A day after releasing the EDM-inflected single “Wow” and announcing his next studio album will arrive in October, the 45-year-old alternative icon took the Governors Ball mainstage for a career-spanning set. He didn’t play “Wow” — or any other new material — but touched on highlights from nearly every other corner of his catalog, including Midnite Vulture‘s playful funk (“Sexx Laws”), Sea Change‘s melancholy folk (“Lost Cause”), and The Information‘s kaleidoscopic electronica (“Think I’m in Love”). And Beck’s backing band unified the disparate aesthetics with a simple, no-frills sound, streamlining cuts like “Devil’s Haricut” and “Qué Onda Guero.” The singer also paid tribute to Prince with covers of “Raspberry Beret” and “1999” and told a heartfelt story about going in for a bear hug with the Minneapolis legend after he presented Beck with the award for Album of the Year at the 2015 Grammys. –Eric Renner Brown
The 27-year-old member of the xx affirmed his status as one of electronic music’s brightest young talents with his brilliant dusk set at the Bacardi House Stage. Jamie bookended his set with standouts from his Grammy-nominated 2015 masterstroke In Colour — “Loud Places” to start, “I Know There’s Gonna Be (Good Times)” to finish — but did some impressive crate-digging, from throwback soul and disco to cacophonous techno to Kyla’s “Do You Mind,” which Drake samples on his chart-topping “One Dance.” — Eric Renner Brown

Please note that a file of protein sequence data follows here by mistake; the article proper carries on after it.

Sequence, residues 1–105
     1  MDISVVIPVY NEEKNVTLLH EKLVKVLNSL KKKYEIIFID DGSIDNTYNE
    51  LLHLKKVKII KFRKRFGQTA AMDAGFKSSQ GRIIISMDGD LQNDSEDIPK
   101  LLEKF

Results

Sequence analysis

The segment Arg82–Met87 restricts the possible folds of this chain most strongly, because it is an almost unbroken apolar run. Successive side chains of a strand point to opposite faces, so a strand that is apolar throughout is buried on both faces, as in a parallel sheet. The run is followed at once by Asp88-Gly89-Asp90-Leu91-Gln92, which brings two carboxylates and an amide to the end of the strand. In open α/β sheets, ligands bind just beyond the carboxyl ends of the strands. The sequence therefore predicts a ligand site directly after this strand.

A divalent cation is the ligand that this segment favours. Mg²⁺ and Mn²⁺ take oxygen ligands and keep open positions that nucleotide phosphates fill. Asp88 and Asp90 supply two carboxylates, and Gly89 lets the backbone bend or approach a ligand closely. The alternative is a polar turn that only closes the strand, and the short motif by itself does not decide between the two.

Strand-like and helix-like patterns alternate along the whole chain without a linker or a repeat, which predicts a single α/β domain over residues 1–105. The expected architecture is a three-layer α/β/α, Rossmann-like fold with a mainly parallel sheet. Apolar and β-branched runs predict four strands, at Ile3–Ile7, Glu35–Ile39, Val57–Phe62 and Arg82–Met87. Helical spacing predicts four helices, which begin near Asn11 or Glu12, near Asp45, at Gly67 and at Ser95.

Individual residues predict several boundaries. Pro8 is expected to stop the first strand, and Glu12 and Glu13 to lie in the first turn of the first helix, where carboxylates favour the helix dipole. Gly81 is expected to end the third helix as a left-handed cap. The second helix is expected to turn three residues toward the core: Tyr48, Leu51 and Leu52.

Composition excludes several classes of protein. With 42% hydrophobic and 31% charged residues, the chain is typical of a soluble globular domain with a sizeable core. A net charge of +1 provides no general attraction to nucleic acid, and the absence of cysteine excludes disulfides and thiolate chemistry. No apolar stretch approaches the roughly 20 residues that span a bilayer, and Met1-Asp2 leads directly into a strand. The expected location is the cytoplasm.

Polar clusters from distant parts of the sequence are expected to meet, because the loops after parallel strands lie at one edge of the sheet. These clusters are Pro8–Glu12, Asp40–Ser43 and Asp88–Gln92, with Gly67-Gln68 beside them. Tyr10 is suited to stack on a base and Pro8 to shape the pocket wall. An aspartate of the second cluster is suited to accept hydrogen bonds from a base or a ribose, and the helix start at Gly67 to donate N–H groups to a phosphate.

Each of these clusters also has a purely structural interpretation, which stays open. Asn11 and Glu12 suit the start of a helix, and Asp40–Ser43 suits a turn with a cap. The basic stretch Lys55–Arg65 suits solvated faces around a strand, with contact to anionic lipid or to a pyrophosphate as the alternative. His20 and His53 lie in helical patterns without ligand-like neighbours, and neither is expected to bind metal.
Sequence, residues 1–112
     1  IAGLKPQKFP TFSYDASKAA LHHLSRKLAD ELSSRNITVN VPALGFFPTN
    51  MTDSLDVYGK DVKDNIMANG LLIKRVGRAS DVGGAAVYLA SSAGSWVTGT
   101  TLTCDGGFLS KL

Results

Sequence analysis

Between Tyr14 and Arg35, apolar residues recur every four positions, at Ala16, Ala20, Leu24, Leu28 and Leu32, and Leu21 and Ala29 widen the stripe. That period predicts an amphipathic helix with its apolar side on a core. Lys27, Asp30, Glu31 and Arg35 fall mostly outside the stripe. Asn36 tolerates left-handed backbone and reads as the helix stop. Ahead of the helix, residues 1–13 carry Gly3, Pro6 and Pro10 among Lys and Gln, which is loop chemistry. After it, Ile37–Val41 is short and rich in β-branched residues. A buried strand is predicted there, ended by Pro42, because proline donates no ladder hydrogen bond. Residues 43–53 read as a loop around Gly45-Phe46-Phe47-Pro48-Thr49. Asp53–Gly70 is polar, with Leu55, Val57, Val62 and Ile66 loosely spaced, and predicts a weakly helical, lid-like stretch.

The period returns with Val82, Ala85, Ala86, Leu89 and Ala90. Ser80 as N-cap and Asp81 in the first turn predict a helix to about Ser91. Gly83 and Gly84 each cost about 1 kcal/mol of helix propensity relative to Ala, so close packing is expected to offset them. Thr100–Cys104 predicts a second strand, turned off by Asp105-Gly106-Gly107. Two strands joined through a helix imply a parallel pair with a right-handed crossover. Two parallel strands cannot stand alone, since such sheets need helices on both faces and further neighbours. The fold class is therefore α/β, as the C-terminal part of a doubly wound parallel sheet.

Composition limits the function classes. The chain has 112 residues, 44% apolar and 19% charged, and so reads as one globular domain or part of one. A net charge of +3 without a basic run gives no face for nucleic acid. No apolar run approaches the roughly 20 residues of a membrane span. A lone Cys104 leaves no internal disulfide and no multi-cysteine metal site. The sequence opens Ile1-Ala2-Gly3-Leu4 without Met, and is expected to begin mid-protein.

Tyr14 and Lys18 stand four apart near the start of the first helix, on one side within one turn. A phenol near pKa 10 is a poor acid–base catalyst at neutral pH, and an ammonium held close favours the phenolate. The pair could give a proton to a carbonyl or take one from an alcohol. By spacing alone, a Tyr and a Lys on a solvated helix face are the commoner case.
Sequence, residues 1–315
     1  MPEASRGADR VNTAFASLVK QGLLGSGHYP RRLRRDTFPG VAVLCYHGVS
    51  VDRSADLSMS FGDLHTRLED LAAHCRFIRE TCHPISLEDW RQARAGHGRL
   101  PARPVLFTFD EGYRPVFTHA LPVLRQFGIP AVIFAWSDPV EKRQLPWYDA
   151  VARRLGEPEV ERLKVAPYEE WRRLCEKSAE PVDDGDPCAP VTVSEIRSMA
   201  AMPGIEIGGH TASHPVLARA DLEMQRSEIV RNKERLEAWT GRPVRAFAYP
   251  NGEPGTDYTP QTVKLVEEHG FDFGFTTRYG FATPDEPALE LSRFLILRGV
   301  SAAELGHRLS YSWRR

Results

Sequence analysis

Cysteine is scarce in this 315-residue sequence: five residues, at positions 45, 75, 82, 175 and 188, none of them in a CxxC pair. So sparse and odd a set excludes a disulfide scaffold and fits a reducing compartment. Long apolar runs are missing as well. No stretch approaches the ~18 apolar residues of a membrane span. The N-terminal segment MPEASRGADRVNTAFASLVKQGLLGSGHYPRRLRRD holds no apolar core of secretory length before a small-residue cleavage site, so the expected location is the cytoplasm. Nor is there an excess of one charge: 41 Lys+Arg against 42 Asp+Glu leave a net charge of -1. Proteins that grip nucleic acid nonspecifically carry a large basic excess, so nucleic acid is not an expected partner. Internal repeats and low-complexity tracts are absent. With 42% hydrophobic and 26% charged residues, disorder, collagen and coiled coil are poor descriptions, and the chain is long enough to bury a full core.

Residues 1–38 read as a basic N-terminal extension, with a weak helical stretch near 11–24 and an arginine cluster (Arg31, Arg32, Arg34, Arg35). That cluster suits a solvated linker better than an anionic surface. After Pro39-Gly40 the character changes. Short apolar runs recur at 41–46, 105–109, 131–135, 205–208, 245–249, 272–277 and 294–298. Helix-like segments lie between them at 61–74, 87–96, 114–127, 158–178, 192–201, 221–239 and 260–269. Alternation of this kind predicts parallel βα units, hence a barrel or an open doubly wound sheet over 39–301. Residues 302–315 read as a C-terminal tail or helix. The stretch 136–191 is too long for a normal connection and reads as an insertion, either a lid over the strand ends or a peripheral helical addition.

For her first run of American shows in two years, Robyn treated the stage as if she were throwing her own little basement disco and closed out Day One of Governors Ball with the day’s sweatiest dance party. The Swedish pop star—along with backup from singers Zhala and Maluca—eschewed playing proven crowd favorites like “Call Your Girlfriend” and “Show Me Love” and opted for hot remixes of her most beloved tunes. And her set design involved an array of moveable floor-length mirrors, which she’d use to shimmy and shake in front of; sometimes, she’d disappear behind them and allow her guests to take center stage. Sure, she’s never been an easy artist to peg but it was a thrill to see the singer chase her muse with new iterations of her best material: “With Every Heartbeat” was transformed from a club-wrecker into a gorgeous ballad, punctuated with ghostly vocal samples; “Don’t F—ing Tell Me What To Do” thumped harder than it ever has before. Robyn also unleashed new songs like “Right Time” and “I’m In Love,” which found her going deeper into club-music tropes. And the ebullient electro-anthem “Set Me Free,” from last year’s La Bagatelle Magique EP, was the most jubilant moment of her set. Fans hoping to hear their favorites were in for a treat, however: a remixed rendition of “Indestructible” hewed fairly closely to the original—just proof that some of Robyn’s songs are so perfect to begin with, they don’t need any tweaking. —Kevin O’Donnell